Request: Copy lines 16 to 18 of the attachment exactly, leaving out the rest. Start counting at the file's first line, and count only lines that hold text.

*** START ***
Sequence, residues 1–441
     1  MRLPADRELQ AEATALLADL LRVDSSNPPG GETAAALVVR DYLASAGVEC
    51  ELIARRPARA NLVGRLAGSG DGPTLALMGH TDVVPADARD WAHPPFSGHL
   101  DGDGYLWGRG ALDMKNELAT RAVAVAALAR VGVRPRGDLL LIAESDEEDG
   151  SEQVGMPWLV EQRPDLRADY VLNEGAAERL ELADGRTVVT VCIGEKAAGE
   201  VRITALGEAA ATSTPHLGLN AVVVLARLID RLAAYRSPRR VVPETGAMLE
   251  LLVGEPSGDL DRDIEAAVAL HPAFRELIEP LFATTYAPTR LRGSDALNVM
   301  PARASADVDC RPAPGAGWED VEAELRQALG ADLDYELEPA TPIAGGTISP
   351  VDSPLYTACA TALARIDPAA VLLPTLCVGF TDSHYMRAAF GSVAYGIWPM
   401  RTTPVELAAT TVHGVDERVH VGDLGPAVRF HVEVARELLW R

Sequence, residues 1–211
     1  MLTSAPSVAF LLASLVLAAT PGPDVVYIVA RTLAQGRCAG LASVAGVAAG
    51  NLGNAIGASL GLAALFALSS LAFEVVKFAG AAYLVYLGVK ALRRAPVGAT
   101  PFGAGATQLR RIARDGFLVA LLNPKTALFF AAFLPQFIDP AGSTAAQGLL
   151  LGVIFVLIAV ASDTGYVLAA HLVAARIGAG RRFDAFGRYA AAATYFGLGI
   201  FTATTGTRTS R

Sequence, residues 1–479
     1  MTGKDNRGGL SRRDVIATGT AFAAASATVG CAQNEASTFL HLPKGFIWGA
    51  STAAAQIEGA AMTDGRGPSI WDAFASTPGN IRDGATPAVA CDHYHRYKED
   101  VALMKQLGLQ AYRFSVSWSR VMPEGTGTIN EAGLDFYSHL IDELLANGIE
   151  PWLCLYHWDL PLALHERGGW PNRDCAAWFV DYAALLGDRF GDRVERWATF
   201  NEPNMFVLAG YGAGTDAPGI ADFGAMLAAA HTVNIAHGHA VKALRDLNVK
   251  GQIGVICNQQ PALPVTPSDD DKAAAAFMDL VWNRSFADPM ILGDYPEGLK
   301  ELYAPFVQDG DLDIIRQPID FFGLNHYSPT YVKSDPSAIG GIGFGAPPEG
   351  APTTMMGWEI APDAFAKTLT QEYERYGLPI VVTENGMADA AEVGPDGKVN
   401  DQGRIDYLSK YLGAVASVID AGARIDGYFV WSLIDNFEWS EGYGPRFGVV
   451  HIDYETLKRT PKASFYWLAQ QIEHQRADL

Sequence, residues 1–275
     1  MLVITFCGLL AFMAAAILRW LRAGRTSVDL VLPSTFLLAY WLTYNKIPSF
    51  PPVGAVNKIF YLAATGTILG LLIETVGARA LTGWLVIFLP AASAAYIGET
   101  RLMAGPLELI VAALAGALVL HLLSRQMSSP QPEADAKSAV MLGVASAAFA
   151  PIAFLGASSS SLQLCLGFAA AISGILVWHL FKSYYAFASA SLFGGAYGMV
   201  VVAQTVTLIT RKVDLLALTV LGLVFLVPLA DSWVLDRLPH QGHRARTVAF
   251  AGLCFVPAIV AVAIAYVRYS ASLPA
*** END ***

   201  FTATTGTRTS R

Sequence, residues 1–479
     1  MTGKDNRGGL SRRDVIATGT AFAAASATVG CAQNEASTFL HLPKGFIWGA